"The Web is like the game of Othello. Remember?
'a moment to learn, a lifetime to master.'"
--Lou Rosenfeld, University of Michigan, SLIS, n.d.
There are two kinds of gateways: library gateways and portals.
Lesson 3 for a discussion of
Library gateways are collections of databases and informational
sites, arranged by subject, that
have been assembled,
reviewed and recommended by specialists,
usually librarians. These gateway collections support research and
reference needs by
identifying and pointing to recommended, academically-oriented pages
on the Web. See list of examples below.
Subject-Specific Databases (sometimes called "Vortals")
Subject-specific databases, or vortals (i.e., "vertical portals")
are databases devoted to a single subject, created by
professors, researchers, experts,
governmental agencies, business interests, and other subject
specialists and/or individuals who have a deep interest in, and professional knowledge of, a particular
field and have accumulated information and data about it. See list of
There is a large portion of the Web that search
engine spiders cannot, or may not, index. It has been dubbed
the "Invisible Web" or the "Deep Web"
and includes, among other things, pass-protected sites,
documents behind firewalls, archived material, the contents of certain databases, and
information that isn't static but assembled dynamically in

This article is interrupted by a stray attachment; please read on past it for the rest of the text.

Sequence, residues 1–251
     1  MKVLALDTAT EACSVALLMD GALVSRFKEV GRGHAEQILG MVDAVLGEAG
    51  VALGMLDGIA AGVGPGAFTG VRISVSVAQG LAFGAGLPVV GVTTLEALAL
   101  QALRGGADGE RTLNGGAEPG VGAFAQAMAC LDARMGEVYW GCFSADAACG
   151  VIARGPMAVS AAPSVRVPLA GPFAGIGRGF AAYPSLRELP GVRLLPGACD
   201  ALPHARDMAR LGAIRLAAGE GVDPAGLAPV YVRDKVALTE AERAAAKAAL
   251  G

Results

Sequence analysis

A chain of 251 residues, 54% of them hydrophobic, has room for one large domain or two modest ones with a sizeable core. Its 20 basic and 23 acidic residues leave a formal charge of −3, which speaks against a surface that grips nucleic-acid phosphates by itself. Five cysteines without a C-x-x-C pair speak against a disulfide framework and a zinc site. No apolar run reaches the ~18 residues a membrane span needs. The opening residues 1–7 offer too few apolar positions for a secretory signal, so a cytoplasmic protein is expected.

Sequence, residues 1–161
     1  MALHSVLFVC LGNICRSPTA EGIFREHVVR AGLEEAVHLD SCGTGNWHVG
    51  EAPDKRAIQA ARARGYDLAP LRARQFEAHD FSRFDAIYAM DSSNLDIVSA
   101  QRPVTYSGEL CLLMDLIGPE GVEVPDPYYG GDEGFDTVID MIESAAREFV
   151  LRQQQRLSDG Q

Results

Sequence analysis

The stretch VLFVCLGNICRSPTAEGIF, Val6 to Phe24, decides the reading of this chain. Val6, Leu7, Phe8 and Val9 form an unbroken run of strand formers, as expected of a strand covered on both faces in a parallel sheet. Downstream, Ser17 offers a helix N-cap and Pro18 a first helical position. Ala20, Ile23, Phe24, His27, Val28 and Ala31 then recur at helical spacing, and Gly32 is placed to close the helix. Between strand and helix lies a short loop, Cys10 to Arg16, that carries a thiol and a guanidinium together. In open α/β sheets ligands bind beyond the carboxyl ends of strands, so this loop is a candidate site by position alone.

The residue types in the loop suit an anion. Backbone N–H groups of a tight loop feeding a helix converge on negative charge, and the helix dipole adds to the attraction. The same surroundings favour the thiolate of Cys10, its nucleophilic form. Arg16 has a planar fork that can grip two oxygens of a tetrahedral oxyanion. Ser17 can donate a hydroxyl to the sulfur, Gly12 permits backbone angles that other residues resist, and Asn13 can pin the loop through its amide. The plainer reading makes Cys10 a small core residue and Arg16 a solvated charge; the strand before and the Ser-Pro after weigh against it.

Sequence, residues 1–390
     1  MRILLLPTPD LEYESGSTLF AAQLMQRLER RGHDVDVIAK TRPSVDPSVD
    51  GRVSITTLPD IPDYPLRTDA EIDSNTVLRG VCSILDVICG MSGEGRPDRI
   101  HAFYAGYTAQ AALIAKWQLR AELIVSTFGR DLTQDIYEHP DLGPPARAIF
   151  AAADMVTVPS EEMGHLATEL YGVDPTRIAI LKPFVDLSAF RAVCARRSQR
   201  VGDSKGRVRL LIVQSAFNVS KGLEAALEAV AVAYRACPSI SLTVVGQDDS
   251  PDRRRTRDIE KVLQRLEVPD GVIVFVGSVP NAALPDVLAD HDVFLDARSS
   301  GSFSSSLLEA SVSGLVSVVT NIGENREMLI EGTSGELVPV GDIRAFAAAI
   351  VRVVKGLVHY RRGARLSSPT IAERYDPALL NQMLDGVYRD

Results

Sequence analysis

response to specific queries.
Web profilers agree that the "Invisible Web," which is made up of
thousands of such documents and databases, accounts for 60 to 80
percent of existing Web material. This is information you
probably assumed you could access
by using standard search engines, but that's not always the case.
According to the
Invisible Web Catalog, these resources may or may not be visible
to search engine spiders, although today's search engines are
getting better and better at finding and indexing the contents of
"Invisible Web" pages.
In order to access so-called "Invisible Web" sites, you need to point
your browser directly at them. That's what many library gateways and
subject-specific databases do. They are good sources
links to database
stored on the "Invisible Web."
Use library gateways when you are looking for
high quality information sites on the Web. You can be fairly certain
that these sites have been reviewed and evaluated by subject
for their accuracy and content.
Use subject-specific databases when looking for
information on a specific topic, e.g., news links, multimedia files,
lists, people, job finders, and thousands of databases
devoted to specific topics of interest.
Today, more and more of the so-called "main-stream" search
engines, subject directories and portals are pointing to these
subject-specific databases, using direct links on their
A few years ago, I co-created an online tutorial with a lesson on
"Netiquette," i.e., computer etiquette. What would you need to know in order to
find this lesson on the web?
First, try searching for my lesson on one of the search engines,
Ask, using the single search term -- netiquette. Did you find me?
Now, try tracking me down by going back to the same search engine, Google or
pointing directly to the page in question. You can do this in one of
several ways. Suppose I gave you some keywords to add to your search term, creating the following
netiquette bck2skol chamberlain.
Could you find me now? Try your search again and
Without specific search terms, you might not come across my site. Now that you're there,
read the lesson (it's still relevant), and "dust up" your
computer "netiquette" skills.
Evaluating Web Pages
[Table of Contents]
[Gateways & Databases]
[Evaluating Web Pages]
Last updated by E. Chamberlain, Thursday September 07, 2006